Crispr Gene-Editing Upstart Editas Goes Public as Patent Battle Rages

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| Wired.

The future of medicine may rest in altering our genes. That’s a constant refrain in the recent history of medical science. Over the past few decades, researchers and investors have pinned their hopes on experimental gene therapies with the potential to change the landscape of disease, from transplanting engineered stem cells into humans to injecting them with viruses. The most recent addition to the list: Crispr-Cas9, a powerful gene-editing technique that allows researchers to rapidly—and cheaply—cut-and-paste genes.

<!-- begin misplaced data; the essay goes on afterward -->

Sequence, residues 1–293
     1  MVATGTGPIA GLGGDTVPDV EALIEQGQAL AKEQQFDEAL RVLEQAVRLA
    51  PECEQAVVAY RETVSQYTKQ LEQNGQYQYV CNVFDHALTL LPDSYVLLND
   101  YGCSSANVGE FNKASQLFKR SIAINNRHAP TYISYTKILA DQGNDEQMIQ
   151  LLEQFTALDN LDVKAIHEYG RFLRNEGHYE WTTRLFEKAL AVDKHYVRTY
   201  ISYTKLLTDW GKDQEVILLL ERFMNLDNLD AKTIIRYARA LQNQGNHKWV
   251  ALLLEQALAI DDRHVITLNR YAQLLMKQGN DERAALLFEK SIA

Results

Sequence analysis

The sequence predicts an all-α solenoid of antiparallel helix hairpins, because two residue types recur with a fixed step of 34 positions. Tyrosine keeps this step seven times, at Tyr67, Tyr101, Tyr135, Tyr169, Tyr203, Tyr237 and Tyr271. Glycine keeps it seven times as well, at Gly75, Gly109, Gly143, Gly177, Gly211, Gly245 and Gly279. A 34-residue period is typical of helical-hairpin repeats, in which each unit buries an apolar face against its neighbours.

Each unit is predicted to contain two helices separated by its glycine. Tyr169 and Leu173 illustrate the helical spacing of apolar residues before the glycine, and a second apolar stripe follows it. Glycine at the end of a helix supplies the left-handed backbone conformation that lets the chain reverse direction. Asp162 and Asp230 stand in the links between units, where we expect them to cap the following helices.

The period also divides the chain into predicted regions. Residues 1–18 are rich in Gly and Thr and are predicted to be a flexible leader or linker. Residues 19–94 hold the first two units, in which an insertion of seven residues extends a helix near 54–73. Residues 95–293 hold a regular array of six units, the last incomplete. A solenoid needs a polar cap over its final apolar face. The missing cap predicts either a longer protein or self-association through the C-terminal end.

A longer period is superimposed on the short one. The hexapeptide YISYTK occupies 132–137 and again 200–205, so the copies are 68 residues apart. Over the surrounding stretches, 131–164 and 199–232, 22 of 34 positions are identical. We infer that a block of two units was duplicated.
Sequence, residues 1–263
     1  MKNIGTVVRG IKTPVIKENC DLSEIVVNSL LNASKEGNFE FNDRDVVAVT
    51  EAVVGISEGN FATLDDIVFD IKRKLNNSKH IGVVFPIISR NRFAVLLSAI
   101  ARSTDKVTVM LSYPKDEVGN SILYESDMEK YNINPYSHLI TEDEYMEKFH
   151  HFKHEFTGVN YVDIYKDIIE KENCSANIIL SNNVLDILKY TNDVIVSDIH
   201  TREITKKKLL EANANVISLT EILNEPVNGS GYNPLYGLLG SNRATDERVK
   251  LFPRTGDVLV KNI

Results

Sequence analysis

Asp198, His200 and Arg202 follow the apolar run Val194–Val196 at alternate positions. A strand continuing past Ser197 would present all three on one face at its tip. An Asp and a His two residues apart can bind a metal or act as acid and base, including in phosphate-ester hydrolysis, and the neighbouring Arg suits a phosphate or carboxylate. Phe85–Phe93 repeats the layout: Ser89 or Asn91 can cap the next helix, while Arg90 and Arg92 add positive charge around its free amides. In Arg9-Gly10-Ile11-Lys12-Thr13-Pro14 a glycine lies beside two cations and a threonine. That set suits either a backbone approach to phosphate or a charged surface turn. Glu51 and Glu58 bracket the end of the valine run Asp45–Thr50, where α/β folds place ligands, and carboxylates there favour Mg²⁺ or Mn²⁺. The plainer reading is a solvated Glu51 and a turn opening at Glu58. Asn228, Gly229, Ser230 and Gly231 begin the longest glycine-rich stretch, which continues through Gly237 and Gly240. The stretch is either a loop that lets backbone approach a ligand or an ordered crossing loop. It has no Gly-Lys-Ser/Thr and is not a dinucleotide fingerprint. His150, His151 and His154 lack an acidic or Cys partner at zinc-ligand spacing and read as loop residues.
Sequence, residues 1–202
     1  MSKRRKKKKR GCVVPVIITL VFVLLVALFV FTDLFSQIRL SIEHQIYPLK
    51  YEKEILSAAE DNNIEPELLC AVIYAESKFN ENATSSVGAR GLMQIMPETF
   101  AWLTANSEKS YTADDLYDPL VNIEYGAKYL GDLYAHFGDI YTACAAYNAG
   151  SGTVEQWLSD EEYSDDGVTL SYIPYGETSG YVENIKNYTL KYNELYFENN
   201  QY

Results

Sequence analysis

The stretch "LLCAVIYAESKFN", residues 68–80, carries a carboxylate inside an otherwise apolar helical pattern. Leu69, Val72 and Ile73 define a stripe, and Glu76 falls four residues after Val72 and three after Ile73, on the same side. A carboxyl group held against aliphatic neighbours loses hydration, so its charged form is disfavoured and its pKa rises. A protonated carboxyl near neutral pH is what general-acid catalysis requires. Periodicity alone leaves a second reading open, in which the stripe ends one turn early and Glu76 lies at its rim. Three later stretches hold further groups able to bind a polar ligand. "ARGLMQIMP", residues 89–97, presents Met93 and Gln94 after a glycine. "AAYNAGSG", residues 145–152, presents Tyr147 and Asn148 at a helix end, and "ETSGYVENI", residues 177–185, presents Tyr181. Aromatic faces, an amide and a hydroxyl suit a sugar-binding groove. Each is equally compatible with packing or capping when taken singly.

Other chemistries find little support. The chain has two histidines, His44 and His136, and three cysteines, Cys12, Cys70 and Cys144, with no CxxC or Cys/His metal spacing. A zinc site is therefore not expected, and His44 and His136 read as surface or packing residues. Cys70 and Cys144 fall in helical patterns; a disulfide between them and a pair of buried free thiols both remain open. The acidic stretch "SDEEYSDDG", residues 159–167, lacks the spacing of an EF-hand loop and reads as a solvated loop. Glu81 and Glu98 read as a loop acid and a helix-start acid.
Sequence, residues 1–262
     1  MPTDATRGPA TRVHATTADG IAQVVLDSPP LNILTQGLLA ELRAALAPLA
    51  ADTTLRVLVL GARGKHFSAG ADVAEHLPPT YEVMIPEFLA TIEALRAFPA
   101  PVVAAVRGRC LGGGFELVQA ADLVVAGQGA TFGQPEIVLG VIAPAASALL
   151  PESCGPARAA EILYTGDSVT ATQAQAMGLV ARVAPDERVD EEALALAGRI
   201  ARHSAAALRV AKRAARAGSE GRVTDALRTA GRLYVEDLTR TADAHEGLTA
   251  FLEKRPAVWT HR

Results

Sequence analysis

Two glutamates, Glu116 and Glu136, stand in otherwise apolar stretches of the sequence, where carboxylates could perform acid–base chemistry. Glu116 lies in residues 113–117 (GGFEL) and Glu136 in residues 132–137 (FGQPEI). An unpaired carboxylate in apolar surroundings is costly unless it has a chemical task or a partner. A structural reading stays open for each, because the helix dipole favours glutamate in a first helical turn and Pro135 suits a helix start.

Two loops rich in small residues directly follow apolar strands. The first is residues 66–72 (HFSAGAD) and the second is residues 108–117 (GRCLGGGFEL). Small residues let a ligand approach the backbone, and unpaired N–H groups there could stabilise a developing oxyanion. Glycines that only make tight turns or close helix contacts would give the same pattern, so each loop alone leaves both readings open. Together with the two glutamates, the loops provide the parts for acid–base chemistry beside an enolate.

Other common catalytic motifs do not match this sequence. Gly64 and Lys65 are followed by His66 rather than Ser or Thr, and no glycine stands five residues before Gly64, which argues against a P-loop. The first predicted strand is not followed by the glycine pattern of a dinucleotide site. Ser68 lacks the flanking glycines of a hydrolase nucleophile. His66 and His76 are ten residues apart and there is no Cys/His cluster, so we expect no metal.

Crispr is still a long way from snipping disease-causing mutations from the cells of humans. Right now, it’s most successful as a experimental tool, editing the genomes of yeast cells and a worm here and there. But that’s not stopping a number of biotech companies from capitalizing on the technology: Crispr Therapeutics, Caribou Biosciences (and spinoff Intellia Therapeutics), and Editas Medicine all hope to use the technique to develop human therapeutics. And yesterday, Editas became the first to go public.

Backed by Bill Gates and GV (venture capital arm of Alphabet, Google’s parent company), Editas filed for an initial public offering in January, and began trading on the NASDAQ exchange at $16 per share. It sold 5.9 million shares, raising $94.4—and the stock rose nearly…

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